So much so that a 2008 survey by professional services company KPMG established the average initiation cost of joining a Chinese golf club to be $53,000, with a regular round costing around $150 -- way beyond the reach of all but a fraction of the population.
But help is at hand for some following a decision taken in 2009 in, of all places, the Danish capital Copenhagen.
That was where the executive board of the International Olympic Committee voted to return golf to the Games in 2016 after a 112-year absence.
Overnight, the Chinese government -- which boasts a long history of investing in Olympic sports -- finally had a reason to back golf. Although figures are hard to come by, the intensity of their training programs indicates just how seriously the Chinese are taking a potential fairway to medals.
At his academy in Shanghai, Dickie has a team of 15 Olympic hopefuls, eight of whom attend full-time training, which is funded by a state who get value for money -- with the girls training six days a week if they are not contesting a tournament.
"On a normal day, we get up at 0630 and do a fitness session for an hour," he says. "After breakfast, we train until midday, when we rest until 1400.
"Then another two hours of training and then an hour of fitness training -- we are heavy on fitness training -- so it's three hours of fitness and five hours of golf. Quite intense."
Improving the players' ranking is the major aim of the program, for the top 15 in the world gain automatic berths to Rio de Janeiro in 2016, following which another 45 competitors will be chosen -- with a maximum of two available players from each country that does not already have two or more players among the top 15.
A further indication of the Chinese ambition is that Australian legend Greg Norman has been formally brought on board to advise and identify the country's best golf talent, which is largely drawn from privileged backgrounds -- for obvious reasons -- but he won't struggle with one name for the ladies category.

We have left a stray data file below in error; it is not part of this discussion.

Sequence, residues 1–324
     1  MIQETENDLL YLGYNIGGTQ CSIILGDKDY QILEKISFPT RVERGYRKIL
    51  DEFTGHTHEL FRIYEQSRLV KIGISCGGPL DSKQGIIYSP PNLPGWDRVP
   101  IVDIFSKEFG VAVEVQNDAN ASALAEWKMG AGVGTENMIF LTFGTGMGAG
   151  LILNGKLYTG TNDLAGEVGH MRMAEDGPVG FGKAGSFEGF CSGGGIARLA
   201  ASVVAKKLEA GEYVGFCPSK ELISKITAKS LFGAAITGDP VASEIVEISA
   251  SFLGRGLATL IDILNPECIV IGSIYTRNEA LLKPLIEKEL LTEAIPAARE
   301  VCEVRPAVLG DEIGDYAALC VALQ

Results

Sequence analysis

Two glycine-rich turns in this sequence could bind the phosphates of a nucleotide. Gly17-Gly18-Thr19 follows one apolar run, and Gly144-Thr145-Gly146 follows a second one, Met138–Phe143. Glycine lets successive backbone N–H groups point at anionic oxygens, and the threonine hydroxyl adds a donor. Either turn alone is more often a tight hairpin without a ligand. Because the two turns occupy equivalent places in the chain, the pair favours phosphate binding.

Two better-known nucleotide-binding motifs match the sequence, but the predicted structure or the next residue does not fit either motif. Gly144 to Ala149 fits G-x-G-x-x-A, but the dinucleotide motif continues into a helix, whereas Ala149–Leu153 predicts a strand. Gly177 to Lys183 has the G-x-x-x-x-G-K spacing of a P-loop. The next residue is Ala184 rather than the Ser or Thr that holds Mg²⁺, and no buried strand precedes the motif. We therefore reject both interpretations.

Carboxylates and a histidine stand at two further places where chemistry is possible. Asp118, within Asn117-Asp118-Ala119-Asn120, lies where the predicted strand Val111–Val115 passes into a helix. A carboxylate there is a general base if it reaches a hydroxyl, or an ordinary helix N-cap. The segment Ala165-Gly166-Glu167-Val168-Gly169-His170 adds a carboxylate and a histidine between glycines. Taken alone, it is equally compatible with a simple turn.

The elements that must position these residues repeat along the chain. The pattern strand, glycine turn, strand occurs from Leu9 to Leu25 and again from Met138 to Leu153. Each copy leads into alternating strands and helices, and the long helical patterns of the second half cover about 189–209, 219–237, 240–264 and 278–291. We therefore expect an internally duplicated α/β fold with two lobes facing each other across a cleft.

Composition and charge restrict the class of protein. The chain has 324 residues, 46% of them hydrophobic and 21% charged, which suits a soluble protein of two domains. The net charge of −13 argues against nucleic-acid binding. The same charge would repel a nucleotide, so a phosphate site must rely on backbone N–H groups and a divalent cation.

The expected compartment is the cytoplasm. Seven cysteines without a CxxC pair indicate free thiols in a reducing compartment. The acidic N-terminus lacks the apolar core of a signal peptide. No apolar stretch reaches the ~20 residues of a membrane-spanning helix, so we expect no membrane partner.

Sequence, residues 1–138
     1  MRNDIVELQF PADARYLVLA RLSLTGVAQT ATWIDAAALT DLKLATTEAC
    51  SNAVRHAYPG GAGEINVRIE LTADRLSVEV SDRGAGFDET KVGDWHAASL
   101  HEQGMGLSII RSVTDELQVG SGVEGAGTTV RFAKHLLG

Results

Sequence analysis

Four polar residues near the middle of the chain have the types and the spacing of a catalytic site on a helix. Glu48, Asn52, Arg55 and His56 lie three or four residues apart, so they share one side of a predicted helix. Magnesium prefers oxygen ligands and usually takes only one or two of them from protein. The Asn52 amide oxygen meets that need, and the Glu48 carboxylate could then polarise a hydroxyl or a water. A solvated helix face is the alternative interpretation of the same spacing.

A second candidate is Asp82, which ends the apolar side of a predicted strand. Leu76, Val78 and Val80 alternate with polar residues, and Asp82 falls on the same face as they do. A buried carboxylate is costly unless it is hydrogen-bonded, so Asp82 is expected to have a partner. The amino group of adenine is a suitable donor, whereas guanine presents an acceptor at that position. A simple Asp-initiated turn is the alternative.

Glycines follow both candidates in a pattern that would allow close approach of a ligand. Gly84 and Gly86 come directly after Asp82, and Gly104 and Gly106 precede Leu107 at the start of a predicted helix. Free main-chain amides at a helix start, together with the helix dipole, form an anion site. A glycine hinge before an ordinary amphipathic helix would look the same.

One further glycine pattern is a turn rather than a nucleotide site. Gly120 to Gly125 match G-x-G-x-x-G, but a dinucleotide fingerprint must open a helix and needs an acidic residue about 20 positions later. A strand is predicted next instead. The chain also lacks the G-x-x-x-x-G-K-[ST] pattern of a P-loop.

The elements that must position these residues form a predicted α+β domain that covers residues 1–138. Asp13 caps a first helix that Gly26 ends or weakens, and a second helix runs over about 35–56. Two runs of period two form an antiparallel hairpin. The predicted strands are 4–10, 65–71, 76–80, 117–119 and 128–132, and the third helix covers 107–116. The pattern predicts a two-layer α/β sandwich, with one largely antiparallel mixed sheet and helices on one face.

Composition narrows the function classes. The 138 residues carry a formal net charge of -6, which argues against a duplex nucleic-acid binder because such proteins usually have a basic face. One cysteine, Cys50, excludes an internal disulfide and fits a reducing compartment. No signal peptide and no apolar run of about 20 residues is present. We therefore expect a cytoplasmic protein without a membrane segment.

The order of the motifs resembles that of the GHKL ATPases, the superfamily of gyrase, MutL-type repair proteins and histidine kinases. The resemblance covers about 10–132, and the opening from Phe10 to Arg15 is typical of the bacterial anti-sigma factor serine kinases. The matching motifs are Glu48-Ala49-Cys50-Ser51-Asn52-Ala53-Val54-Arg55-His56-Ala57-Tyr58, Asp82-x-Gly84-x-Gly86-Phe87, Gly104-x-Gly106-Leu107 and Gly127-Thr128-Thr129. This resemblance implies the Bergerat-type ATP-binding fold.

Last year, Feng Shanshan -- now 23 -- became the first Chinese golfer to win a major when she claimed the LPGA Championship by two strokes, five years after she had earned her place on the LPGA Tour as a teenage amateur.
Ranked No. 8 in the world, she does not train with the team in Shanghai but looks a certainty for Brazil -- especially since the next best Chinese female golfers are ranked 160th and 285th respectively, whose improvements represent the major challenge for Dickie, Norman and co.
Those working on the country's male golfers have an even harder task, for there are only three Chinese in the top 500, with Liang Wenchong -- the 34-year-old whose best finish, by some distance, was eighth place in the 2010 U.S. PGA -- leading the way in 169th place.
But it won't be long before the fruits of China's investment -- now reaching the grassroots for the first time -- will be clear for world golf fans to see, says a man who knows just a thing or two about the sport.
"In China, they are incredibly passionate and you see how the game is growing," says Hank Haney, who coached Tiger Woods for six years and who now runs several golf schools.
"I know from my academy that Asian golfers are incredibly great students -- they're very, very focused and without a doubt, we're going to see more and more great golfers coming from Asian.
"It won't be long before China is a big part of that."
Perhaps just as long as it takes for Guan Tianlang, Andy Zhang, Ye Wocheng and the rest to exit their teenage years.